The Vigadó, a nineteenth century concert hall, is one of the most beautiful buildings along the Danube. The elegant square in front of the Vigadó is laid out around a charming fountain.
The Vigadó was built in 1859-1864 and replaced an older concert and amusement hall from 1833 that was destroyed by fire in 1848 during the Hungarian revolt against the Habsburg Empire. Vigadó is derived from the word vigádni which means having fun, being happy.
The magnificent building was designed by Frigyes Feszl in a Romanticist style. The front facade is decorated with Hungarian folk motifs, crests, busts and statues of Hungarian heroes such as king Matthias and count Széchényi. Statues of muses decorate the pillars above the central arcade.
The interior is sumptuously decorated; the grand staircase is especially worth a look. Unfortunately the building is not open to visitors; you’ll have to visit one of the concerts to see the main hall, which can accommodate up to 640 spectators.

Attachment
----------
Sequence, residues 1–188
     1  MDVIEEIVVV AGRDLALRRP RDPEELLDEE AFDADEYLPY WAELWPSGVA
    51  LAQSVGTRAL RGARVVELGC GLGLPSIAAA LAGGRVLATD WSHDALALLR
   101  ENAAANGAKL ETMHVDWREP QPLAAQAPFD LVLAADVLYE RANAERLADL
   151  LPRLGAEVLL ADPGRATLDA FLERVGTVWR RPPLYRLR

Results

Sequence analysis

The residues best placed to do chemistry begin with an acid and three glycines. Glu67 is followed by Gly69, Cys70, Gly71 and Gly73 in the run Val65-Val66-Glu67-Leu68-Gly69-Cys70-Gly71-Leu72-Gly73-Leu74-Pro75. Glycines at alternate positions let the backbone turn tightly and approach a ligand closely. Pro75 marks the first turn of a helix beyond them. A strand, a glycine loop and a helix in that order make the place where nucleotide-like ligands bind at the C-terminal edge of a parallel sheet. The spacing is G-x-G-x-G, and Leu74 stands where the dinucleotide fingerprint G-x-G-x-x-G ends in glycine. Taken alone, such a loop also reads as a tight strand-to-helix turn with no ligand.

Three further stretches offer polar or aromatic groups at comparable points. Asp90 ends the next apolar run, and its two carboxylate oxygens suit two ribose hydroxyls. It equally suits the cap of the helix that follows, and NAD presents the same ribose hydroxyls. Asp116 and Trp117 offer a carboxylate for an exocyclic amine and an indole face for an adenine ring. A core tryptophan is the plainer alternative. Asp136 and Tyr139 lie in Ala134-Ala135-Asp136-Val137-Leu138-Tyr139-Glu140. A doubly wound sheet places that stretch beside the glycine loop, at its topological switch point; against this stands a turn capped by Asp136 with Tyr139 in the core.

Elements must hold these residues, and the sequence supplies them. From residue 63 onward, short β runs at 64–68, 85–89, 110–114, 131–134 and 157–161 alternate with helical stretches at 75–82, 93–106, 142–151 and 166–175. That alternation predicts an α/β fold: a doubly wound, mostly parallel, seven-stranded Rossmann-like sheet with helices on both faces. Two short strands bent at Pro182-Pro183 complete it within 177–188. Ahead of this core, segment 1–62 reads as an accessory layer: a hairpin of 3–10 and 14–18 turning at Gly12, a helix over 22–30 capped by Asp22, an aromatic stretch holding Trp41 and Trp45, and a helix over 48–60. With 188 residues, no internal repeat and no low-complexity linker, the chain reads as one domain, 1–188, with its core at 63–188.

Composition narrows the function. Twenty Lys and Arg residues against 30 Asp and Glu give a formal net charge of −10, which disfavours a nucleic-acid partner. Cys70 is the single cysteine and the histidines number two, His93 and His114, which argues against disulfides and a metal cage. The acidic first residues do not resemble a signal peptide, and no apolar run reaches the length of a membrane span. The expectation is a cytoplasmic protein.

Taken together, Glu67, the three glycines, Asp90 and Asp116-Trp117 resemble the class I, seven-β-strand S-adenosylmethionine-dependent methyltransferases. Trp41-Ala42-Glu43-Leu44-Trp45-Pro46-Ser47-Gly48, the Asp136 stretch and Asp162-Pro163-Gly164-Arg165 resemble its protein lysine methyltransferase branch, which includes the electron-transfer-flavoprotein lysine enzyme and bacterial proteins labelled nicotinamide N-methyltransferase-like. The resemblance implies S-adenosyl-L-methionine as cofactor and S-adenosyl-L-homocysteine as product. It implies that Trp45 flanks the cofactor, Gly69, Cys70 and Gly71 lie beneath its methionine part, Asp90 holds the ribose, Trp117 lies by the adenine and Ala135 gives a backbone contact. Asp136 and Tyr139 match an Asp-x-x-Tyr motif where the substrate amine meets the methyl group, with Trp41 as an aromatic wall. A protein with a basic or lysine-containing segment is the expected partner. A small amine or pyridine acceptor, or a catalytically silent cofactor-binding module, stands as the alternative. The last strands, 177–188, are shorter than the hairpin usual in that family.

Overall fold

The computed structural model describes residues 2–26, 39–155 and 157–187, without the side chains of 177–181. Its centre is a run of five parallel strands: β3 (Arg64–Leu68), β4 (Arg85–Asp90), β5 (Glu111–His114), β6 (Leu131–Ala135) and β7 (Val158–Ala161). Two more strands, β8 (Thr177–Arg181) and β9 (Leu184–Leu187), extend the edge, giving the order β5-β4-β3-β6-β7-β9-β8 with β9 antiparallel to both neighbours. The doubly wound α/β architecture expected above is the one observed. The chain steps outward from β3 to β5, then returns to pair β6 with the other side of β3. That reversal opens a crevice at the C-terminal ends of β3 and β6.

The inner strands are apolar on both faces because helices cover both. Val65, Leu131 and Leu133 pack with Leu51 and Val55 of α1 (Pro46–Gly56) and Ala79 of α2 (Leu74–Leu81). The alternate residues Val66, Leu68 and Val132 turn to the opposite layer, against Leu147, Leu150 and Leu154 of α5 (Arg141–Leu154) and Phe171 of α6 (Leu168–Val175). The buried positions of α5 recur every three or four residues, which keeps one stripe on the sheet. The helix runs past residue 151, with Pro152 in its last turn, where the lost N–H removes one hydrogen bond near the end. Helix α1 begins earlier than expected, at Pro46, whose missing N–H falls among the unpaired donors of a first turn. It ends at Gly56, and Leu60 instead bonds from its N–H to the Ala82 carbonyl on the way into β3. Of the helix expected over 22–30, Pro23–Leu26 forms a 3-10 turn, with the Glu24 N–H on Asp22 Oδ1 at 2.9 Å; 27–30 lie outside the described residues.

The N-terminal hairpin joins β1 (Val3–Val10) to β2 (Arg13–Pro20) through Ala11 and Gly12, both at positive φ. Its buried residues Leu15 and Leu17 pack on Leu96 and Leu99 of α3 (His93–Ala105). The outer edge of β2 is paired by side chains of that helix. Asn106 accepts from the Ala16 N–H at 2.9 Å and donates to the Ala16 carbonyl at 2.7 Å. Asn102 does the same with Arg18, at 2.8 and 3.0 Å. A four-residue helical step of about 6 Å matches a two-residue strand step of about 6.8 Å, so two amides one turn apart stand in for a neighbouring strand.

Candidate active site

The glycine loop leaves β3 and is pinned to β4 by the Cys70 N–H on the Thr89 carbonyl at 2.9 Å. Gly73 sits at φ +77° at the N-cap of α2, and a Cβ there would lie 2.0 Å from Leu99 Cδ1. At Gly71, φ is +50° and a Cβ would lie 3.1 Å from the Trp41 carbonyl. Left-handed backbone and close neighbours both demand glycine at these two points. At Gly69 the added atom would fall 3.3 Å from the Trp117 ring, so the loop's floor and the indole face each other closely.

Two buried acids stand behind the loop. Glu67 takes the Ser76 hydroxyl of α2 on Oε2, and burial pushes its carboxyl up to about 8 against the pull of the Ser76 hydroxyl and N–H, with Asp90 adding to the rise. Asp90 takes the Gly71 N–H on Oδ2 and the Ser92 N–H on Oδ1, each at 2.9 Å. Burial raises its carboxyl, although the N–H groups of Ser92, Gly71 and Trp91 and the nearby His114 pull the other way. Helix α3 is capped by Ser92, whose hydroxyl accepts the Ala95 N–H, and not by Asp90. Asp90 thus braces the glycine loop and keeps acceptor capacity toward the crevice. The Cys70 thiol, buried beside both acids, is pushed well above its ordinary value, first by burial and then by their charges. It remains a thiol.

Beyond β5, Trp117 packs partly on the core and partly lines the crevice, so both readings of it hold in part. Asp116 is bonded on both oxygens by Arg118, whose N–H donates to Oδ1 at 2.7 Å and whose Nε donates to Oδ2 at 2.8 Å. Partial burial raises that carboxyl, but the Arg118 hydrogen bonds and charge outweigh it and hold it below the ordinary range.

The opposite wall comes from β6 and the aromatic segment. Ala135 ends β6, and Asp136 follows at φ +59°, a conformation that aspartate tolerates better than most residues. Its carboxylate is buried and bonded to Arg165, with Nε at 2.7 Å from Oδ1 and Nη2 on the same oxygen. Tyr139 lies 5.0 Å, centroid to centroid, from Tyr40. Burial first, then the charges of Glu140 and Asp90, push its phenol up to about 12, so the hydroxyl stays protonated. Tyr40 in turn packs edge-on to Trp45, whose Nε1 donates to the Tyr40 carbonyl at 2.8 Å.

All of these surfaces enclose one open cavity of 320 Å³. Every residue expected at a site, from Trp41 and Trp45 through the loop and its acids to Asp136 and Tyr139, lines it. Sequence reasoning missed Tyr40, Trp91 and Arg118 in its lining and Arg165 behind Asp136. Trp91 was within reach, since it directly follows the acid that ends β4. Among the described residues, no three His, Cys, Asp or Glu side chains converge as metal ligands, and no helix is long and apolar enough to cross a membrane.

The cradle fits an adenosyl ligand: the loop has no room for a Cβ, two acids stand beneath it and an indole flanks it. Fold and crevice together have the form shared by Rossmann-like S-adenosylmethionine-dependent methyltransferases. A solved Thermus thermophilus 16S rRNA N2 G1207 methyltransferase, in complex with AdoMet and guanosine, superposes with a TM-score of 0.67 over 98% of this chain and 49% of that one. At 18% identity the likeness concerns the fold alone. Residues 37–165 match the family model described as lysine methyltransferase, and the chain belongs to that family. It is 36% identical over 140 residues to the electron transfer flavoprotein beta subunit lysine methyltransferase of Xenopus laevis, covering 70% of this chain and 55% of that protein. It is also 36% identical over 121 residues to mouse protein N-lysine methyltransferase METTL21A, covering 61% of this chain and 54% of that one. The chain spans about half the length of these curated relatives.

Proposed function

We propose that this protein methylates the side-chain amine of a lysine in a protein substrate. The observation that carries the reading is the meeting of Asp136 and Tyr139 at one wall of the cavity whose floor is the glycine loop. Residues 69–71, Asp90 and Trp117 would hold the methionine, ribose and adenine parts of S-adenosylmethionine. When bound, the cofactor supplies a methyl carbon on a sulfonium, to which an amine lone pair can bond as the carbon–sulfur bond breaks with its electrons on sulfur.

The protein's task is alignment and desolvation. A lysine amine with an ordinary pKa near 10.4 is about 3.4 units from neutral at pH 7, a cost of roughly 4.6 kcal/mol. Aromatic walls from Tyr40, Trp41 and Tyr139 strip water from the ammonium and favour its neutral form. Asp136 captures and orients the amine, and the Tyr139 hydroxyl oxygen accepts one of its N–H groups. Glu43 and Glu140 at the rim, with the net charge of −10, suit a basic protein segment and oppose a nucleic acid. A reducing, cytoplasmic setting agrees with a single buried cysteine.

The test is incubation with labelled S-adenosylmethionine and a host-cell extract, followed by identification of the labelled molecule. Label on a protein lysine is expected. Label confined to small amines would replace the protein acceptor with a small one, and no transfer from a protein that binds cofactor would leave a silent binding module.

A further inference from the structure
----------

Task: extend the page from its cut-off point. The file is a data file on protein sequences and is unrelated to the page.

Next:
A small but beautiful square, Vigadó tér, links the concert building with Duna-korzó, a popular pedestrianized promenade on the Danube embankment. The centerpiece of the square is the Children’s Fountain, which shows two joyful boys playing. The fountain was created in 1896 by the Hungarian sculptor Senyei Károly.